He has a neat way of describing how math developed through history. The answer to “what is mathematics?” is constantly evolving.
Before 500BC – Arthmetic: Math was mostly about numbers and arithmetic. Ancient Egyptian, Babylonian (present-day Iraq) and Chinese mathematics concerned itself with how to combine numbers. It arose from the simple needs of commerce – weighing, counting, measuring, and determining profit.
So mathematics was essentially about numbers.
Between 500 BC and 300 AD – Geometry: The ancient Greeks were very interested in geometry. This was the time of Pythagoras, Euclid and Archimedes, where they tried to solve problems in geometry and ran into some very challenging problems (like what is the value of √2, when you don’t believe in irrational numbers? This number appeared when they tried to find the diagonal of a 1×1 square).
Mathematics was the study of numbers and shape during this period.
The 17th century – study of motion and change: Newton (in England) and Leibniz (in Germany) independently developed calculus. This gave a massive impetus for the scientific and engineering achievements of the industrial revolution. It also meant travel by ship became a lot safer and this spurred exploration like never before.
Mathematics became the study of numbers, shape, motion, change and space.
End of the 19th century – tools of math: By the mid-18th century, mathematics took on more of a life of its own, rather than as the supporting cast for physics and the other sciences. There was more interest in studying mathematical phenomena for their own sake.
The answer to “what is math” had become numbers, shape, motion, change, space and the mathematical tools that are used in this study. Whole new branches of math have appeared, like topology, complexity theory, dynamical systems theory, chaos theory and many sub-branches of probability and disaster prediction. Climate change has triggered new interest in modeling and the idea that small inputs can have huge effects.
So a simple answer for the question “what is mathematics?” is that it’s the study of patterns. Not just patterns that you see in your carpet or on wallpaper, but patterns in numbers, hierarchies, geometry, language, traffic, algebra, the universe, and so on.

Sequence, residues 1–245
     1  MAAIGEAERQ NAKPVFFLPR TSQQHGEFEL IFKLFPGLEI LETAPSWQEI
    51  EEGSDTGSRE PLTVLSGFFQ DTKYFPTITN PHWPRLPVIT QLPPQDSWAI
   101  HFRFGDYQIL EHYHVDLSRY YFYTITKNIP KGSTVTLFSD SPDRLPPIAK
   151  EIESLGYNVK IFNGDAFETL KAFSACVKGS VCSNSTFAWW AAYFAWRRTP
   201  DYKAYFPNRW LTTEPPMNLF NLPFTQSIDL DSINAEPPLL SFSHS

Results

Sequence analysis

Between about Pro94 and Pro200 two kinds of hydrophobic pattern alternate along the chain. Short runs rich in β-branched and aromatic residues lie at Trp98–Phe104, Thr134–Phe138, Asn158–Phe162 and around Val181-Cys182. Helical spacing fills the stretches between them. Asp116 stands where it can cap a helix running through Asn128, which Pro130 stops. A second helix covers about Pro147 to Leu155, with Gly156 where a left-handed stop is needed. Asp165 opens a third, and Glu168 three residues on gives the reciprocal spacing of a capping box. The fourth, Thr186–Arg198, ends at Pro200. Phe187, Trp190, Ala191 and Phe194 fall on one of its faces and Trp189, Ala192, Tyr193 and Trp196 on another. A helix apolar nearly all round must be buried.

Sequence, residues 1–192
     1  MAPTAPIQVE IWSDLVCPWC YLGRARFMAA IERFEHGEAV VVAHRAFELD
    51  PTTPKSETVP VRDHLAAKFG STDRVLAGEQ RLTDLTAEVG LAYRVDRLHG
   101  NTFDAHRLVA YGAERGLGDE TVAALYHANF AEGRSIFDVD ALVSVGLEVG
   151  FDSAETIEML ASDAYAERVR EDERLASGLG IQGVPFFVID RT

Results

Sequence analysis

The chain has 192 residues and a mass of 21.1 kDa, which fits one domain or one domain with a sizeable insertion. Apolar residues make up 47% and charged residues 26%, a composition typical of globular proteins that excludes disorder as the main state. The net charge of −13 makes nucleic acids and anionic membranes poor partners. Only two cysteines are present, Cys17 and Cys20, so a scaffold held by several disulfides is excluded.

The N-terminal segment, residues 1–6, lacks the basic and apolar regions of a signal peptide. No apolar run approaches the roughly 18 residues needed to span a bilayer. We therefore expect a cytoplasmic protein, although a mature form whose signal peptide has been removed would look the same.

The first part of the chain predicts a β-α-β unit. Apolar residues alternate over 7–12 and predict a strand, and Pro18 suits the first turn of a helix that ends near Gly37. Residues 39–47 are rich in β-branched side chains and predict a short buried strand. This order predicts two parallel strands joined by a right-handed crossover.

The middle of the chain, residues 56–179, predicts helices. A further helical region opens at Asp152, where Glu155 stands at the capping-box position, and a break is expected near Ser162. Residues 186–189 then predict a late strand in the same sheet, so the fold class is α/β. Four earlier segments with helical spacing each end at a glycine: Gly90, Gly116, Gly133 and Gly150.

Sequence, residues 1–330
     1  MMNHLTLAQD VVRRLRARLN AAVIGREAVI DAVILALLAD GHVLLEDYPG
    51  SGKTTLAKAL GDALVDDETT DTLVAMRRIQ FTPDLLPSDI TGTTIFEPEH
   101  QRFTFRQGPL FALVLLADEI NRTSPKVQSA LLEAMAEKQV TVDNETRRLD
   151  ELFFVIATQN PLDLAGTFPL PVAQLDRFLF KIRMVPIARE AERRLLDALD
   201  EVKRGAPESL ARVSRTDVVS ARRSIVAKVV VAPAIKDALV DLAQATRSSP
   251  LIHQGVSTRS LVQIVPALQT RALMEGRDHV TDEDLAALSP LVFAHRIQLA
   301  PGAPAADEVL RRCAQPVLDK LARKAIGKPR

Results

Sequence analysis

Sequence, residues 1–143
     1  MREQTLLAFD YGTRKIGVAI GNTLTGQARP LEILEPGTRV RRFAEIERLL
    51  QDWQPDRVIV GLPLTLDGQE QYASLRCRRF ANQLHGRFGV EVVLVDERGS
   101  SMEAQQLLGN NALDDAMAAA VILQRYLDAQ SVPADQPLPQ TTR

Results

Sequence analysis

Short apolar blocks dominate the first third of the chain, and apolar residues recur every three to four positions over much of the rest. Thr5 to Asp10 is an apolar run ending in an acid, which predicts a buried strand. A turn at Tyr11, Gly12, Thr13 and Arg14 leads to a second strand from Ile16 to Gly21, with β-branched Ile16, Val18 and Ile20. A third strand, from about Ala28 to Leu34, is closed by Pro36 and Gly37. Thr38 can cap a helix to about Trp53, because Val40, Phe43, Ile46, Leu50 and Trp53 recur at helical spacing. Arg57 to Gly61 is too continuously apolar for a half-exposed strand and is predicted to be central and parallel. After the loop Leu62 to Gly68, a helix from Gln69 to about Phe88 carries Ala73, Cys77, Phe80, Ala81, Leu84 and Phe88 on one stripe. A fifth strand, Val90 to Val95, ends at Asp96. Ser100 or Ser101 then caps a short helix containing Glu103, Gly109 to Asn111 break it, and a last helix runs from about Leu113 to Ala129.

We’re all able to spot patterns and to see when a pattern is broken. In fact, that’s an important part of being human and for survival. So essentially, we are all mathematicians!
3. Latest IntMath Poll – Weekend math study
A poll on IntMath through October asked readers:
During weekends, how many hours do you spend doing math homework (or study)?
32% 4 or more hours
20% 1 hour
17% 2 hours
10% 3 hours
Total votes: 2100
Poll date: Oct 2009
Now, this was an interesting result for me because I know most people do ZERO math on weekends. How do I know?
We can learn a lot from people’s behavior on the Web. From their searches in Google, Yahoo or Bing we can see what they really want to know. And from the pages they visit on the Web, we can see where their search took them. How long they stay and how many pages they look at gives us a good indication of what really interests them.
This graph shows total visitor traffic on Interactive Mathematics from Aug to Oct 2009. This is why I asked that question in the poll and why I am surprised at the result.
I wrote an analysis of this and some other interesting “math on the Internet” trends in the following special article:
4. GIS Day on 18 Nov
There’s a lot of interesting real-life math involved in Global Information Systems (GIS), including 3-D Earth Geometry.
Next week is GIS Day, which aims to increase “geographic literacy”. From the GIS Day site:
GIS Day is playing a powerful role in creating geographic awareness throughout our world.